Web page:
5. Hi newPI19, those links also delineate that, if you are in an actual position of authority and especially if you are also an educator, it is perfectly fine to be a bit more blunt. When you are a first reader/critiquer of someone’s fiction, the writer asks you for help as a peer and doesn’t consider you a Knower of All Things Writerly. But when you are in an advisor/advisee relationship, it is expected that you, the advisor, do actually possess the wisdom that the other side does not, and that your comments are not gentle suggestions that may or may not be accepted, but are in fact requests. It’s still fine to share how something came across and you should certainly convey the rationale behind requested changes because you are trying to teach. There’s never a need to be mean or rude or belittle the writer as a person. However, your wording suggestions better be adopted and your calls for clarification better be addressed. When in doubt, err on the side of bitchiness.

  6. @positive definite : speaking only for myself it’s because I find the arrogant student mansplaining to be completely and regrettably unsurprising, but am in fact surprised by the word thing.

  7. Hi – thanks so much for your posts that let me know I am not alone in getting less and less capable of putting up with this stuff. Literally this evening, at a conference reception – where I am one of the plenary speakers – the organiser was congratulating himself on the great (four person) panel he had put together for the final discussion. I pointed out it was all male. His response was to tell me that he had thought about this, but had asked his 8 year old daughter if she thought it was a problem not having a woman in the panel, and she had said that of course there was no need to include a woman, just for the sake of balance, that would be stupid. So there you go, his 8 year old daughter’s opinion is more valid than mine, a senior female academic in the field.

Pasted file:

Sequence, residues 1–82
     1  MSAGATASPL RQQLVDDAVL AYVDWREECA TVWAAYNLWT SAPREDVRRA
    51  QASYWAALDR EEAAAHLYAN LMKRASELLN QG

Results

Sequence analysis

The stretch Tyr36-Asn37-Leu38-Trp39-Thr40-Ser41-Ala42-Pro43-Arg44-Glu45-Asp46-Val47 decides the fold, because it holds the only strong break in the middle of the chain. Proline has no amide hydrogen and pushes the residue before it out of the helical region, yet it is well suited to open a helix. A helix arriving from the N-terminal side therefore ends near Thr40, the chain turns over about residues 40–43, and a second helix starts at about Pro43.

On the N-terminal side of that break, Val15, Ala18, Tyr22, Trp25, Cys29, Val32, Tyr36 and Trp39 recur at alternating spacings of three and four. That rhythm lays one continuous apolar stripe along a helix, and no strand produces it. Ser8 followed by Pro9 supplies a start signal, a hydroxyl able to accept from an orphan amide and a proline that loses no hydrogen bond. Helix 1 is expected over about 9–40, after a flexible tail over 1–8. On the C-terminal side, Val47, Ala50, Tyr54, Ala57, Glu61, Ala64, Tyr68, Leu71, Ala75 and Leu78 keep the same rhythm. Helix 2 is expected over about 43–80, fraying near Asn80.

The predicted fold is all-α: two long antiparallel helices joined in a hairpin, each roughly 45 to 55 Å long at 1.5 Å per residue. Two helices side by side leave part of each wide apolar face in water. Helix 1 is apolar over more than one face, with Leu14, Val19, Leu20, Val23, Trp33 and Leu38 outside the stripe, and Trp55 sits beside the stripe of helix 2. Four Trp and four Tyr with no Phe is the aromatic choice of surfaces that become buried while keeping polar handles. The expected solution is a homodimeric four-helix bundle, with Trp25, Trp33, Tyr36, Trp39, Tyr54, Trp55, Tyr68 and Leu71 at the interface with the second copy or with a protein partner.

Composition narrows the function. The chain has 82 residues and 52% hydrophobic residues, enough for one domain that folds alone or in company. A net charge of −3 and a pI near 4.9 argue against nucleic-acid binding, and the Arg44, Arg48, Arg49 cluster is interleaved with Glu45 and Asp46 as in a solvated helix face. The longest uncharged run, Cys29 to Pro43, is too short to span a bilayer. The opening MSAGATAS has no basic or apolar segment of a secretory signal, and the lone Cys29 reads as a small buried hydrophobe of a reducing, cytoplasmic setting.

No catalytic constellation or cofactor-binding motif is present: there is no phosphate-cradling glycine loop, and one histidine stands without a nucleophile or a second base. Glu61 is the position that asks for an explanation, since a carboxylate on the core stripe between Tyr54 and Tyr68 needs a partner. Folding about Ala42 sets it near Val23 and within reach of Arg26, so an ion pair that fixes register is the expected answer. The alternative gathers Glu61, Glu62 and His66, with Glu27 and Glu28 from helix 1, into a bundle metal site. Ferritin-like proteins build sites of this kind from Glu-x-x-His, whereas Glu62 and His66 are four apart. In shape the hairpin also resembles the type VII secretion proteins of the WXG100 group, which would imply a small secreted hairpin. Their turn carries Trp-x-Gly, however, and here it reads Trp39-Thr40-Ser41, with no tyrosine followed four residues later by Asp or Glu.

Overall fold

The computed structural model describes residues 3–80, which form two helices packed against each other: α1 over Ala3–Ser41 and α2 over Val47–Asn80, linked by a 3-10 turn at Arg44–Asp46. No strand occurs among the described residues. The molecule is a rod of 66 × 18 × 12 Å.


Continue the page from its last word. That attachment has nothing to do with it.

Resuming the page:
8. Oh, and I should add, that the upshot is that (after some further unproductive discussion) I spent the rest of the evening stewing about it, while he has probably just labelled me ‘difficult’ and gone on to the pub to talk science with some less difficult people.

  9. Good for you! The “homogeneous” thing would have been enough to banish that guy, or should I say That Guy, but who starts questioning legit sources like that? Flat earthers, that’s who. Glad you shut that down and listened to your body.

    I recently unfriended one of my most toxic and performatively woke and mansplainy colleagues on Facebook–first time I’ve ever done that–for exactly those reasons: my body would tense up wondering how he was going to attack the institution and the program I run this time. It’s a small step, but it’s a step.

  10. Thank you for pointing out the exactly ONE good thing about how my body has changed with age…this shit-intolerance is real. I am trying to go 100% shit-free, but it turns out—its in EVERYTHING and so hard to avoid.

  11. That’s an angle I hadn’t considered — maybe I’m not putting up with things because I physically can’t anymore. There are family members I can’t talk to because they pull this nonsense or they expect that I should tolerate this nonsense in other contexts with a glacially placid aspect.